NEW DELHI (Reuters) – As pollution in India’s capital hit “severe” on the air quality scale on Saturday, the New Delhi chief minister came under fire following reports he had left the city for an overseas family trip.
FILE PHOTO – A man wearing a protective mask walks amidst smog in the early morning in New Delhi, India, November 8, 2018. REUTERS/Anushree Fadnavis
For a second year the chief minister, Arvind Kejriwal, has likened Delhi to a “gas chamber” because of the pollution.
Seasonal burning of crop stubble and smoke from fireworks let off to celebrate the Hindu festival of Diwali on Nov. 7 have aggravated already high smog levels in the past few days from vehicle emissions, industrial gases and construction work.
(Graphic: For a window into Delhi’s pollution click tmsnrt.rs/2PiM0Ut)
Local television news channels said Kejriwal had left the country on a private family trip to Dubai, triggering a backlash on social media and finger pointing on Twitter by the Delhi arm of India’s governing Bharatiya Janata Party (BJP), the party of Prime Minister Narendra Modi.
“Arvind Kejriwal cares about his family so much that he urgently booked tickets and ran away to Dubai with them as soon as Delhi started choking with pollution,” said one Twitter user.
A member of Kejriwal’s party, the Aam Aadmi (Common Man) Party (AAP), told Reuters that the chief minister was not in the city. He declined to elaborate or be identified because he is not authorized to speak to the media.
A city government spokesman did not respond to telephone calls seeking comment.
Neither the governing party at federal level nor the main opposition are in power in the capital, giving them little incentive to co-operate with city authorities.
Environmental activists say residents need to be more vocal about holding political leaders to account over the pollution.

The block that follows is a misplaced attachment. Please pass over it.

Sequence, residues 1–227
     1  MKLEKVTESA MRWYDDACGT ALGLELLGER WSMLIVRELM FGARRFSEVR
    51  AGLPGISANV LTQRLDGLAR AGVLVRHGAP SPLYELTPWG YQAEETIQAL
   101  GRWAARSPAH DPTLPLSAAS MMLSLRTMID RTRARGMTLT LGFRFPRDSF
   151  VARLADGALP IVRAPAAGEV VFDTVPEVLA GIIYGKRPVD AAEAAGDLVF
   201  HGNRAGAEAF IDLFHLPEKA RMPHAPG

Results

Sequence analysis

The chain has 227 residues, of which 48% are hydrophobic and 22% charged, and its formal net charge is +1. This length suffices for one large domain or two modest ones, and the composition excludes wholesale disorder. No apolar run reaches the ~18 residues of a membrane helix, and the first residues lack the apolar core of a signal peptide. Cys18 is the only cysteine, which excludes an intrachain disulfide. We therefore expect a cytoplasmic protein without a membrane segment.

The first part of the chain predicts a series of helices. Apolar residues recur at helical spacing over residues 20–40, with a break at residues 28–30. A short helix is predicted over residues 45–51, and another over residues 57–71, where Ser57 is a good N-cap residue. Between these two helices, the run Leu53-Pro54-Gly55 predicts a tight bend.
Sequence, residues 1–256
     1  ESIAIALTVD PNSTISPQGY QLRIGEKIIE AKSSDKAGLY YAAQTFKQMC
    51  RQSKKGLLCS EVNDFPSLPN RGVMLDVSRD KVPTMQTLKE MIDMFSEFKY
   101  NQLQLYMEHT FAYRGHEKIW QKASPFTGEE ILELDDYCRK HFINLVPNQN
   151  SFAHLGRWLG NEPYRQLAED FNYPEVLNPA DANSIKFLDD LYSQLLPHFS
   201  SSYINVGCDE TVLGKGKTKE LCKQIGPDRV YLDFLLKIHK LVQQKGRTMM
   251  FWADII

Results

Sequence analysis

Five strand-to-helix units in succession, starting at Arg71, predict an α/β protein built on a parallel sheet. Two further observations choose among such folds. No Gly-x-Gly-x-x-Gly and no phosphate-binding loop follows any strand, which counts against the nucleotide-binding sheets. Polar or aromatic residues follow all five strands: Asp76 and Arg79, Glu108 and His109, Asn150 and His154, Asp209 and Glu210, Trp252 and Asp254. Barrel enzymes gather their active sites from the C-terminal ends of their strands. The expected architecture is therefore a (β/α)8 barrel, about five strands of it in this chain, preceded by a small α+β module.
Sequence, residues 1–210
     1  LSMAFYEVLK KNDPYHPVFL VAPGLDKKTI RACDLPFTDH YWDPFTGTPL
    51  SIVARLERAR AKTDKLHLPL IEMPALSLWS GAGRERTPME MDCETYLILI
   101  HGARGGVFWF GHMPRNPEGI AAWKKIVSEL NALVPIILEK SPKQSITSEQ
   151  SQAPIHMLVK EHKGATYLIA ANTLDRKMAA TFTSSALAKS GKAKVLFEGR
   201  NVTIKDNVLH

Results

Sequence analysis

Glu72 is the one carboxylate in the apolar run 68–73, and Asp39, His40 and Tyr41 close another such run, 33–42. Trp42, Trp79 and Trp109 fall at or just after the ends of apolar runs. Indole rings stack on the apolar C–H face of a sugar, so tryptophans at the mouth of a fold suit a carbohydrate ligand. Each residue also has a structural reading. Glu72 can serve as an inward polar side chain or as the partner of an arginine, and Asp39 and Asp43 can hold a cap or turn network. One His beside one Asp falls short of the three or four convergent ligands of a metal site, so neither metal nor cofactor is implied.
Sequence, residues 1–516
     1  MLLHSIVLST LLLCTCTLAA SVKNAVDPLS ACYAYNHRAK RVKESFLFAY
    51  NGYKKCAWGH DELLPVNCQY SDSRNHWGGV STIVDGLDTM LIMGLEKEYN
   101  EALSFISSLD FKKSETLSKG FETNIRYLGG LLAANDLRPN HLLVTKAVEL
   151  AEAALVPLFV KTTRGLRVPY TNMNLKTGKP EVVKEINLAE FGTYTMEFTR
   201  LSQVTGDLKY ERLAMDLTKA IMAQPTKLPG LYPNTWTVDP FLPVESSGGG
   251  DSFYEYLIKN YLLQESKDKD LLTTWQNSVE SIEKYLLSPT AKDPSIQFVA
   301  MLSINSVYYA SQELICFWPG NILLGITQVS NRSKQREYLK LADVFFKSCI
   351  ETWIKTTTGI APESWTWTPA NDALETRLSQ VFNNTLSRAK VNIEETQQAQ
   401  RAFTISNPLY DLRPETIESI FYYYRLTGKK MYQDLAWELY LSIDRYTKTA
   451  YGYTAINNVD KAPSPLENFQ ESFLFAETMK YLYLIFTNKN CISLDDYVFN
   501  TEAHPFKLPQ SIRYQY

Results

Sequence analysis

“Public pressure has to be much sharper and demand compliance. Directions, policies have been issued but stringent implementation is needed,” said Anumita Roychowdhury, an executive director at the Centre for Science and Environment, a think-tank.
Still, there is little sign in Delhi that residents are doing much to protect themselves from the smog. Activists say the apparent lack of concern about the pollution gives federal and local politicians the cover they need for failing to adequately address the problem.
The Environment Pollution (Prevention and Control) Authority has banned all construction activity and ordered use of sprinklers in the city until Nov. 10, among other measures. On Saturday, it indicated the measures would be extended until Monday.
The city government has banned heavy vehicles from entering Delhi until Sunday and it was not clear if that order would be extended. It had also urged drivers to avoid using private diesel-powered vehicles until Saturday, but there has been no ban.
Measures of tiny poisonous particulate matter, or PM 2.5 particles less than 2.5 microns in diameter, reached an average of 401 across Delhi at 1600 IST (1030 GMT), the Central Pollution Control Board (CPCB) said.
That touches the “severe” category between 401-500, defined by the CPCB as bad air that can seriously impact those with existing health conditions, such as asthma, and can affect healthy people.
The capital’s pollution hit emergency levels on Thursday, according to the U.S. embassy. It followed Wednesday’s Diwali celebrations, when revelers let off fireworks.
Reporting by Neha Dasgupta; Editing by Martin Howell and Neil Fullick